A big change in America’s health care system is coming at the beginning of next year.
The Affordable Care Act, also known as Obamacare, will go into full effect in 2014, giving millions of uninsured Americans access to health care.
However, there are still misconceptions about the law.
In today’s Just Explain It, we’ll tell you five things you might not know about Obamacare.
Number one… Contrary to what 42 percent of Americans think, Obamacare really is happening. In fact, people can start signing up for state-run health insurance on October 1st. That’s when states and the federal government will open marketplaces, called exchanges, to offer subsidized benefits to the nation’s 50 million uninsured.
Number two… Another survey found that a majority of Americans think the law cuts Medicare benefits and covers undocumented immigrants. It doesn’t.
Actually, the government expects the average Medicare recipient to save approximately $3,500 over the next ten years.
Number three… Tax credits. Next year, health insurance for eligible individuals or families will be subsidized.
For example, someone making just under $23,000 a year wouldn’t have to spend more than 6.3 percent of their annual income on health insurance. Based on a $3,030 plan, their contribution would be $1,450. Under Obamacare, they’d receive a tax credit of $1,580 to put towards their coverage.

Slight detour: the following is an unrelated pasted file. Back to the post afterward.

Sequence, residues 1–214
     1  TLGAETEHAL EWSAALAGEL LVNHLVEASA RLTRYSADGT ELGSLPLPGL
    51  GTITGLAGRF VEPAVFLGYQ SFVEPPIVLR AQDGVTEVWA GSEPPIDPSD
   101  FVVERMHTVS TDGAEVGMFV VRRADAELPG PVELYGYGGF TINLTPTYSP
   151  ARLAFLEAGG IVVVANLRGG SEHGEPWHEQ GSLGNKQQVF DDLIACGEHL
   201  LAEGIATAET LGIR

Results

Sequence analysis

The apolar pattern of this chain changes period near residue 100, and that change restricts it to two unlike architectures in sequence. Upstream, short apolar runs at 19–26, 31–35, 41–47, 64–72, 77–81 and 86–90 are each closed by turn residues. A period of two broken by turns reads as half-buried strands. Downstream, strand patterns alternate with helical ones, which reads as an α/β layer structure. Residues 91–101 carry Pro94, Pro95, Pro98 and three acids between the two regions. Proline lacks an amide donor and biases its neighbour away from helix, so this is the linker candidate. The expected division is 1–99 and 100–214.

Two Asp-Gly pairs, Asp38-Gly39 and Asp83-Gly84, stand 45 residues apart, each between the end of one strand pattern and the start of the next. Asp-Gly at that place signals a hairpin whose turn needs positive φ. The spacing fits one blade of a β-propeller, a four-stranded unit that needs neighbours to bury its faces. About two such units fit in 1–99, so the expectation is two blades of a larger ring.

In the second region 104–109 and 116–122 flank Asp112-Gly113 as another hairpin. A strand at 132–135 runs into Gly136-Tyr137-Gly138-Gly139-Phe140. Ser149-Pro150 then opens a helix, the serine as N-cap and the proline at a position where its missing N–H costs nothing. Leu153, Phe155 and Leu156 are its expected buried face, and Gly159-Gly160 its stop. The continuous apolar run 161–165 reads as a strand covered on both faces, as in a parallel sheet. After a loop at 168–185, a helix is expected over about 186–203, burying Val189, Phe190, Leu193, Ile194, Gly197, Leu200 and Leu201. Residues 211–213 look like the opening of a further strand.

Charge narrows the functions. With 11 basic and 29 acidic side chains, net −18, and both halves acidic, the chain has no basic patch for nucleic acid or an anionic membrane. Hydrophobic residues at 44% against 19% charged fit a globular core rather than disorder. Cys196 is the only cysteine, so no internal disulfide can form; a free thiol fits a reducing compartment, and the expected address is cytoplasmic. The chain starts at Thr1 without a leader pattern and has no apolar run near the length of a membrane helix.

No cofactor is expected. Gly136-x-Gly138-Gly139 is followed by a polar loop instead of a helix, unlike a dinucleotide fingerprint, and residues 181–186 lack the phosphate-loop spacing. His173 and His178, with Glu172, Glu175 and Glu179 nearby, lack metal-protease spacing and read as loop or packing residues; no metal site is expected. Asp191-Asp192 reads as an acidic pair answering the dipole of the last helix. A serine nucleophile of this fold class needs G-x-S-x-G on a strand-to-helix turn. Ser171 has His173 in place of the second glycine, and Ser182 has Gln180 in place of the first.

[Related: Affordable Care Act Rate Shock?]
Number four… The 80/20 rule. Insurers are now required to spend at least 80 percent of premium dollars on providing healthcare. The other 20 percent can be used on overhead expenses like excessive administrative costs and profits. In 2012, this provision saved Americans over two billion dollars.
If insurers don’t comply, they’re required to provide customers with a rebate. In 2011, over 13 million consumers received $1.1 billion in rebates – that’s around $150 per customer.
And finally… taxes. No matter what you’ve heard, your health benefits under Obamacare will not be taxed. The law does require that employers report the value of your annual coverage on your W-2, but the government says that's just for workers' information.
In the end, the Affordable Care Act is incredibly complex piece of legislation. It enacts sweeping reforms that involve every state and millions of Americans. Do you think it will work for you?
Let us know what you think. Do you have a topic you’d like explained? Give us your feedback in the comments below or on Twitter using #JustExplainIt.
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